Walks in the Apricot Forest: Yimu Grass

Tian Yi

PureInsight | May 12, 2003

[In Chinese, "Apricot Forest" is another term for the medical community. For more details see: http://www.pureinsight.org/pi/articles/2003/1/23/1368.html ]


Yimu Grass

Fascinated in the East Wind
I plant some Yimu Grass in my herb garden
And it grows up from the mud.
Look, its leaves surround its flowers and its flower clusters,
Just like children holding their mother with deep love.
It has the formal name of Xiaju, but Yimu is better
Since it is an honor for a grass to be called "Yimu" (good for women).

--Chen Changming

One day when I was young, I went out with my mother. She pointed to a plant with light red and purple flowers and told me that it was Yimu Grass. In Chinese, Yi means "bringing benefit," and mu means "mother." I liked this name, so I remembered it well.

My mother is a doctor of Chinese medicine with a terrific reputation. She is diligent and works hard. Although she hasn't received a lot of formal education, she has had plenty of experience with Chinese traditional medicine and herbs. In our free time, she told me about a lot of medical cases that she had experienced. After hearing about her herbs and medicines again and again, I memorized their names. Now I am a doctor myself, but Mother's valuable knowledge still guides me in treating difficult cases.

Mother often mentioned Yimu Grass. The herb is frequently used and very effective. Indeed, it is known for activating and enriching the blood, regulating the energy channels, among other things. However, it is often ignored in traditional Chinese medicine books.

Yimu Grass was mentioned in Shijing, a poetry collection composed in the Spring and Autumn Period. In the poem Shi·Wangfeng·Zhongguyoutui it says, "There was Yimu Grass in mediaeval times." In Shennong Bencaojing (The Shennong Compendium of Materia Medica), it was ranked as one of the best herbs. It was initially called Yunwei, as well as Gaiming and Daza. In Hehan Yaokao (Hehan Medicine Reference book), it was honored as Qianchenta (Thousand-story Pagoda), Fanhun Dan (Resurrection Miracle Pill) and Tian Zima (Heavenly Sesame).

Yimu Grass tastes slightly spicy and a little bitter. It is good for curing women's irregular or missed periods and other disorders related to the circulation of Qi and blood, and it enhances labor. The root, stem, flower, fruit and leaf of the plant are all effective. They can be used individually or with other herbs. In the countryside of southern China, many elder women often plant Yimu Grass in their yards. They pick the flower of Yimu Grass in summer and decoct it with red date. The soup is very effective for enriching the blood.

Yimu Grass had been used in medicine for more than 2000 years. There is a Chinese fairy tale about it.

There was a kind girl named Xiu Niang, who lived in a beautiful village in southern China. She got married and before long became pregnant. One day, Xiu Niang was spinning cotton. Suddenly a wounded yellow deer ran into her house. The deer looked at her and wailed. From a distance, Xiu Niang saw that a hunter was coming. Xiu Niang sympathized with the deer, so she hid it under her stool and covered it up with her long skirt. After a while, the hunter came to the door and asked her, "Madam, have you seen a wounded yellow deer?" Xiu Niang answered with ease while continuing to spin the cotton, "It went to the east." The hunter immediately ran to the east. Xiu Niang let the deer out and told it to run to the west. The deer seemed to understand her words. It got down on its knees and bowed to Xiu Niang several times and then ran to the west.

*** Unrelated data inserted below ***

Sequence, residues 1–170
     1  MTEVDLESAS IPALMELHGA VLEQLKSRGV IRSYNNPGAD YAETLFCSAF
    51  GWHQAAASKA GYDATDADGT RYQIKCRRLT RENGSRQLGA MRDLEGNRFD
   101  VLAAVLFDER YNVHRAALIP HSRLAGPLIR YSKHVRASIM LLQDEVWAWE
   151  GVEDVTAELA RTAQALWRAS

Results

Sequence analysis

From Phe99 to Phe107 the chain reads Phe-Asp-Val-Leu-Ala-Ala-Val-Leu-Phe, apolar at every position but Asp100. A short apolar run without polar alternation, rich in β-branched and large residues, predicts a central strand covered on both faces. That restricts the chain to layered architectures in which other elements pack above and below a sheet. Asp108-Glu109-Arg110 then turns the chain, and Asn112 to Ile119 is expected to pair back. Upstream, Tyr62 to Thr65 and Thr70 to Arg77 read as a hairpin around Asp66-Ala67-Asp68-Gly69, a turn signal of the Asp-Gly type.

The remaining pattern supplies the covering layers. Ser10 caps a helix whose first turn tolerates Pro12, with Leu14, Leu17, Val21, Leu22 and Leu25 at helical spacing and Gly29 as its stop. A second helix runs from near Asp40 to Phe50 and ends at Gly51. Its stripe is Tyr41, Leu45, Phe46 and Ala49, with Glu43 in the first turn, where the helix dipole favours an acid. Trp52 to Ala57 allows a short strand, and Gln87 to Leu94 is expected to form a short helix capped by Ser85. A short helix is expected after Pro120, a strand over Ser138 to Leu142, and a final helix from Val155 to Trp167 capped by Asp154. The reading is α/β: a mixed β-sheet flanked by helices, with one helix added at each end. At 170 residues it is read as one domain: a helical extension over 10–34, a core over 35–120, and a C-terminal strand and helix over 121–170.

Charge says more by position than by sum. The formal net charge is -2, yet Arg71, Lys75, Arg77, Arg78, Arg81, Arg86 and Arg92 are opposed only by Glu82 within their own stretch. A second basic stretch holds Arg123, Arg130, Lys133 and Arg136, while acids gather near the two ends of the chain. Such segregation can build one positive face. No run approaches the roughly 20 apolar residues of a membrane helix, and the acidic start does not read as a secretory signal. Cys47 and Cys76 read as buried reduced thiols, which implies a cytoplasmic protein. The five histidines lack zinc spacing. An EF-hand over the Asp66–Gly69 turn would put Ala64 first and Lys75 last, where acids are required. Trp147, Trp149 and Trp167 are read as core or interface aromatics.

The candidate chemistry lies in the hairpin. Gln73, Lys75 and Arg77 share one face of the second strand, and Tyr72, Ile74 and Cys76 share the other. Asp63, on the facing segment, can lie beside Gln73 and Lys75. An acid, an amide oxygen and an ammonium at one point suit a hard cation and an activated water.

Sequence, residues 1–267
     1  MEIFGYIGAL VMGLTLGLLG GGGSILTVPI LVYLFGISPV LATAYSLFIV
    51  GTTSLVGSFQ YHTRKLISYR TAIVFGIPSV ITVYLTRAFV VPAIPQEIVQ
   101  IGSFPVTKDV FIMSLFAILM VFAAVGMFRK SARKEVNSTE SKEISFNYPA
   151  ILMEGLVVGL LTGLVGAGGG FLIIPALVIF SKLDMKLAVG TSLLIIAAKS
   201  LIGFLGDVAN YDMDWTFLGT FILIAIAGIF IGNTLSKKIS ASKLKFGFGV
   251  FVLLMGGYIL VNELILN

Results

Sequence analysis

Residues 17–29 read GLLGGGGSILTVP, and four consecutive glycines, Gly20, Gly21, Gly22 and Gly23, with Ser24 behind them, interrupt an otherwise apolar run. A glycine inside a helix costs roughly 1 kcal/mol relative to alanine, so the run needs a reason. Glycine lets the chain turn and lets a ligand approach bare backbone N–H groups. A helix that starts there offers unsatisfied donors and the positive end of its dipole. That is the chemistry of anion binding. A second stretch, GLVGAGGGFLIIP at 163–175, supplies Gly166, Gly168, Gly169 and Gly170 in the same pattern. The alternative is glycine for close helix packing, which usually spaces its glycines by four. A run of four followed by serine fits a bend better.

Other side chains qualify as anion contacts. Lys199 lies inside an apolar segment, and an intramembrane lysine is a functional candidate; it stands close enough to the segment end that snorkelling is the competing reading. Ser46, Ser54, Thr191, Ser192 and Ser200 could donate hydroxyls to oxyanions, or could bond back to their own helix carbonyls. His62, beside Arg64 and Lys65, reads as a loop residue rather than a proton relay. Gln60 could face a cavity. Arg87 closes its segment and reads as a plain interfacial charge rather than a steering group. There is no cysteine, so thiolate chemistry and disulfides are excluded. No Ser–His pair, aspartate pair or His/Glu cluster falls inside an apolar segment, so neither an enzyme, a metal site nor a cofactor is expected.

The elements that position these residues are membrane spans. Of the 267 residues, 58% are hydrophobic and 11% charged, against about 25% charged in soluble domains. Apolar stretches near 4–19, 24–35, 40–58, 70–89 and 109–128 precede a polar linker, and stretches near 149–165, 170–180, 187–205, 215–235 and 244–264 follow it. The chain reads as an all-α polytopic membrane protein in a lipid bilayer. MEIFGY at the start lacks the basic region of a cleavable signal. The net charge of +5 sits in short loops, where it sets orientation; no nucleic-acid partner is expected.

Xiu Niang was having a very hard delivery when her baby was due. It was so severe that even the herb called fingersmith could do nothing for her. She took the medicine to expedite child delivery but that did not work either. The whole family cried in fear.

At this moment, she heard the sound of a deer outside her house. Xiu Niang saw that it was the yellow deer that she had saved. The deer had a plant in its mouth and walked slowly to her bed. With tears in its eyes, it made soft sounds to Xiu Niang, who realized its meaning and asked her husband to take the plant from the deer. The deer nodded and went away.

Xiu Niang took the decoction made from the plant. Magically, her pain was gone and she was able to relax. Shortly the baby came out, crying loudly. Xiu Niang learned the function of the plant, so she collected some and planted them in front of her house and in the back yard. She recommended it to pregnant women who were about to give birth and named it Yimu Grass.

Translated from: http://www.zhengjian.org/zj/articles/2003/4/17/21243.html

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